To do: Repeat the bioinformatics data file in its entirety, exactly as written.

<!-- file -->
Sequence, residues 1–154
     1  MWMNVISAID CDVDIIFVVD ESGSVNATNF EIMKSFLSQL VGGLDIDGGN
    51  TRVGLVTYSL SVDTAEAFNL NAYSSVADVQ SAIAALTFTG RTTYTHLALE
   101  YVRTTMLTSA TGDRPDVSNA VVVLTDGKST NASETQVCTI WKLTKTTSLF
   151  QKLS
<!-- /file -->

Sequence, residues 1–154
     1  MWMNVISAID CDVDIIFVVD ESGSVNATNF EIMKSFLSQL VGGLDIDGGN
    51  TRVGLVTYSL SVDTAEAFNL NAYSSVADVQ SAIAALTFTG RTTYTHLALE
   101  YVRTTMLTSA TGDRPDVSNA VVVLTDGKST NASETQVCTI WKLTKTTSLF
   151  QKLS